The inventory, which one staff member built, uses ESRI's FlexViewer template, a tool available for free online and designed to be used in conjunction with an ArcGIS server.12 FlexViewer is customizable, user-friendly software that enables users to create online mapping applications.

To develop the tool, Caltrans staff georeferenced information from Excel-based spreadsheets at a cost of approximately $12,000 including the cost of GIS software, maintenance fees, and labor. Additional information was obtained through requests to Caltrans' districts, Google Maps, or from site visits by district staff when possible. Caltrans's existing GIS-based maps (streets, aerials, and topography) were also imported into the tool. Type II sound walls were not included since they are restricted to local funding.

In addition to sound wall data, the inventory also contains air quality and school data. The latter are included due to a State regulation that transportation project noise levels in proximity to schools must be minimized.

Noise wall attributes within the inventory are linked to QuickTime videos of five-mile sections of the barriers. These videos were created as part of the Caltrans' previously conducted video inventory of all State highways. Adding video to the inventory took a few weeks.

Currently, the inventory is referenced when staff members respond to noise complaints or when existing walls need to be identified, for instance, when adding lanes to a highway. While Caltrans does not yet utilize GIS in conjunction with TNM, Caltrans notes the inventory will be useful in determining the elevation of sound walls as part of noise modeling for paving or other highway expansion projects. The inventory is not currently being used during project screening or scoping phases.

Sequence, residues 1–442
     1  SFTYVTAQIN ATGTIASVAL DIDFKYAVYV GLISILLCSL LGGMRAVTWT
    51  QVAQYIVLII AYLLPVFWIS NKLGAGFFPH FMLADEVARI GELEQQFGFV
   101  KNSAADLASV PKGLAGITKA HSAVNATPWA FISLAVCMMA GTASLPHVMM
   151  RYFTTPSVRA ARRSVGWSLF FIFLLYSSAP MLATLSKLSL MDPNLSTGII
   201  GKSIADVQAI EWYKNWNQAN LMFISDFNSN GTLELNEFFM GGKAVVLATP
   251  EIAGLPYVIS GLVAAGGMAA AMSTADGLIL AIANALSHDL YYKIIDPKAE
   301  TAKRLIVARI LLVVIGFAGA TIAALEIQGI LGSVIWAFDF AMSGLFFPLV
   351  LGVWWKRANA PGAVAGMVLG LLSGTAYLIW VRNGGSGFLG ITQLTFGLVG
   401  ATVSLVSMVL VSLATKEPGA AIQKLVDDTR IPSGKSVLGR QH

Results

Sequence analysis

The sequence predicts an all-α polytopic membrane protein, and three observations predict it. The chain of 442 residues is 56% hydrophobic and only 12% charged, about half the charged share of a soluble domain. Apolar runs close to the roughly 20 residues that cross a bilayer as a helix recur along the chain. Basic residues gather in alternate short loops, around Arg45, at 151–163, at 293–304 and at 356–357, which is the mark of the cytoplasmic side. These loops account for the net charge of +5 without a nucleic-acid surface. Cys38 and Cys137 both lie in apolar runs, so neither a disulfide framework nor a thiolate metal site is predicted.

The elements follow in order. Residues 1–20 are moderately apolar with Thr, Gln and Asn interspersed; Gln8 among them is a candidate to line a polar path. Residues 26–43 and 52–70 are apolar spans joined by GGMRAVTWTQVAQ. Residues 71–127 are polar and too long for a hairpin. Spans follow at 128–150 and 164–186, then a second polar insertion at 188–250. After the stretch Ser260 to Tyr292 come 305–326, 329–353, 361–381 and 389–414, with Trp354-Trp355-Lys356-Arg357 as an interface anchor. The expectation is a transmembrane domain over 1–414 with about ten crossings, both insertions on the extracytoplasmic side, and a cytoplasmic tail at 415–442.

Sound Wall Inventory Data
Caltrans recognizes that there are some information gaps in the existing inventory and has estimated data points for some attributes, such as wall length and location. Many of the data gaps are related to attributes for as-built walls. This is because older as-built information was discarded and there is currently no system in place for Caltrans to automatically receive as-built information from its districts. However, Caltrans is working on developing a system to obtain elevations for constructed sound walls and heights from districts once projects are completed.

Wall cost data are also difficult to obtain due to California's procurement process. Engineering estimates provide a range for wall costs, but bids for noise walls are made based on sound wall material unit costs, often for multiple walls at once. Yet, what is needed to respond to 23 CFR 772 is the cost of the sound wall per square foot. To date, Caltrans has been able to make estimates of what the noise walls actually cost to construct by comparing bids to actual unit costs, though it recognizes a future need for more accurate noise wall cost data. Collecting such information would be time-intensive, however, as it would require searching each district's database.